Perhaps the most admired athlete of the last twenty years, Lance Armstrong, with millions of almost worshipful fans, finally admits that he was cheating by using banned substances when he won all of his Tour De France victories.  The top rated network news anchor reveals that his often told story of being in a...

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February 13, 2015
One shade of gray
By Stephanie Gray

“Why?”  It’s a question toddlers teach us to ask over and over again.  I found myself asking that question as movie theatres prepare to roll out 50 Shades of Grey: Why have more than 100 million copies been sold?  Why have presumably 100 million women read this particular story?  Why is it so magnetic?  So I messaged a friend of mine, whose Facebook wall has been filled with a countdown for the film—was she willing to share her perspective? She said she’d call in 15 minutes.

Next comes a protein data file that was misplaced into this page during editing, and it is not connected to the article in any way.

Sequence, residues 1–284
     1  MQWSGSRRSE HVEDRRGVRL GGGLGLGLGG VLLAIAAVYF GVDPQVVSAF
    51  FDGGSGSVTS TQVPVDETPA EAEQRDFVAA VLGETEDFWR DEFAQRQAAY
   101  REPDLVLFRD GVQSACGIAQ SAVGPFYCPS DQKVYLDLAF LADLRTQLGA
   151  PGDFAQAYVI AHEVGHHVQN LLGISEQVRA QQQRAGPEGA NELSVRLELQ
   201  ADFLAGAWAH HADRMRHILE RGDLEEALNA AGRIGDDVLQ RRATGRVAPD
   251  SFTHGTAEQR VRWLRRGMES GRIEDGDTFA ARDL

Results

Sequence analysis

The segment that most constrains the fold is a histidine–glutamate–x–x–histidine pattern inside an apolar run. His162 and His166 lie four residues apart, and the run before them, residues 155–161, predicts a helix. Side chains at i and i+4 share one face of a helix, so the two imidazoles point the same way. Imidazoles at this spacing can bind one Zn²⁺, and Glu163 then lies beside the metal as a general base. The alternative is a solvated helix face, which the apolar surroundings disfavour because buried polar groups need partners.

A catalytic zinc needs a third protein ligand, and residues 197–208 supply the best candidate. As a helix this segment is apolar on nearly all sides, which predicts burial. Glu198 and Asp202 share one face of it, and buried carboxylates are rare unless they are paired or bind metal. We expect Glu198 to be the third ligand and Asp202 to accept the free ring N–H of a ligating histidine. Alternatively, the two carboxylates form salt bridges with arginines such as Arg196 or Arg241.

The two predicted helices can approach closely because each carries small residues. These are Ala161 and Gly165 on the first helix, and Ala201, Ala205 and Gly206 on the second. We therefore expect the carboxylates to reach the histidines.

What...

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January 26, 2015
The light that the recent Extraordinary Synod offers us
By Fr. José Noriega, DCJM

What  light can we gather from the recent Synod? Never before has a synod received so much attention. It has aroused many hopes and it has revealed real problems.

1. The hopes that the Synod aroused

a. The recent synod is not a rare bird. It is within the interest of the Vatican Council II to approach modern man: Gaudium et spes spoke of the family as the first point of dialogue between the Church and the world. St. John Paul II’s first synod was about the family and he accompanied it...

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January 20, 2015
C. S. Lewis and the Catholic Church
By Joseph Pearce

C. S. Lewis, one of the most popular writers of the last century, had a complex and complicated relationship with the Catholic Church. Joseph Pearce, author of C. S. Lewis and the Catholic Church, discusses Lewis’s relationship with the Church in this interview.  

Lewis is still presented by some people as Catholic, quasi Catholic or crypto-Catholic. Is that fair to the truth, and to him?